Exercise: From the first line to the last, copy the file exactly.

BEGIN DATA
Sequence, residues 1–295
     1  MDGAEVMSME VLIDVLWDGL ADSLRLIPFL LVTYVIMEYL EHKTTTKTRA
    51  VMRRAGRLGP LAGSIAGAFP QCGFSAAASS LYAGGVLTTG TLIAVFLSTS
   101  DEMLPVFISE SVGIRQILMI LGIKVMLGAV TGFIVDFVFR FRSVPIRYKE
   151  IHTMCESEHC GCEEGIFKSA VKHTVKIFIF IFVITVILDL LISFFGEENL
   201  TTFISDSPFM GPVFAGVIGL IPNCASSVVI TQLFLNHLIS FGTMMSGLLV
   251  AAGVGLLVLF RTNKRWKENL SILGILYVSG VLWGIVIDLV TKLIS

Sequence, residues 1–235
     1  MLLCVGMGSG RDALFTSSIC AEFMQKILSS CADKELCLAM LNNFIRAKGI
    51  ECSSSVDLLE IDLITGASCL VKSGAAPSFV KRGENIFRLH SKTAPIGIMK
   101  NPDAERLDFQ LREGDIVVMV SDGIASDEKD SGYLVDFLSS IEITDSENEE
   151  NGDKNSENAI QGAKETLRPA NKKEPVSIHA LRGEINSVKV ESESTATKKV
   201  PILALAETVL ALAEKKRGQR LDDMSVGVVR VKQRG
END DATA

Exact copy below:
Sequence, residues 1–295
     1  MDGAEVMSME VLIDVLWDGL ADSLRLIPFL LVTYVIMEYL EHKTTTKTRA
    51  VMRRAGRLGP LAGSIAGAFP QCGFSAAASS LYAGGVLTTG TLIAVFLSTS
   101  DEMLPVFISE SVGIRQILMI LGIKVMLGAV TGFIVDFVFR FRSVPIRYKE
   151  IHTMCESEHC GCEEGIFKSA VKHTVKIFIF IFVITVILDL LISFFGEENL
   201  TTFISDSPFM GPVFAGVIGL IPNCASSVVI TQLFLNHLIS FGTMMSGLLV
   251  AAGVGLLVLF RTNKRWKENL SILGILYVSG VLWGIVIDLV TKLIS

Sequence, residues 1–235
     1  MLLCVGMGSG RDALFTSSIC AEFMQKILSS CADKELCLAM LNNFIRAKGI
    51  ECSSSVDLLE IDLITGASCL VKSGAAPSFV KRGENIFRLH SKTAPIGIMK
   101  NPDAERLDFQ LREGDIVVMV SDGIASDEKD SGYLVDFLSS IEITDSENEE
   151  NGDKNSENAI QGAKETLRPA NKKEPVSIHA LRGEINSVKV ESESTATKKV
   201  PILALAETVL ALAEKKRGQR LDDMSVGVVR VKQRG